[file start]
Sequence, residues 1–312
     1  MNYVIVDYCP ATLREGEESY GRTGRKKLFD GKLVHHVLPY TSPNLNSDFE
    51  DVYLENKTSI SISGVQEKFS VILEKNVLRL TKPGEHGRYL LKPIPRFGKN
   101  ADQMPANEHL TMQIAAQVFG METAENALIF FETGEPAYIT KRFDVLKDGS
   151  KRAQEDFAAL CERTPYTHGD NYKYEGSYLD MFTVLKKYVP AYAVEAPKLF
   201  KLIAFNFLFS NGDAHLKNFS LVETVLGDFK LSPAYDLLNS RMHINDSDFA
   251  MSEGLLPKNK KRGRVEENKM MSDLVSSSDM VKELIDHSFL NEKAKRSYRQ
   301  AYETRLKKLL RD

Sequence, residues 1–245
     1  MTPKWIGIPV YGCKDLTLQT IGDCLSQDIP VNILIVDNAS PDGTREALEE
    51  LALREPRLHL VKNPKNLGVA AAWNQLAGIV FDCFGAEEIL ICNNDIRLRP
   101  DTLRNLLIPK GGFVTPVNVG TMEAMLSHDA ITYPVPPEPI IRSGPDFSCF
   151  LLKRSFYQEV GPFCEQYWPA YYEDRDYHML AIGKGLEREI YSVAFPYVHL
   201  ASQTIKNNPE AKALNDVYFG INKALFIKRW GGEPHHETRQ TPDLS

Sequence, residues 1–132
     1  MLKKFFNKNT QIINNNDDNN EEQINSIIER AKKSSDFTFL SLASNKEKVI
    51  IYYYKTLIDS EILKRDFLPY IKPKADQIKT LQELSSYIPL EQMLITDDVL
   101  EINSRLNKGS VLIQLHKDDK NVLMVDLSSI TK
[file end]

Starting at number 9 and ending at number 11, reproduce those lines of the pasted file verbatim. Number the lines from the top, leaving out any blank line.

Sequence, residues 1–245
     1  MTPKWIGIPV YGCKDLTLQT IGDCLSQDIP VNILIVDNAS PDGTREALEE
    51  LALREPRLHL VKNPKNLGVA AAWNQLAGIV FDCFGAEEIL ICNNDIRLRP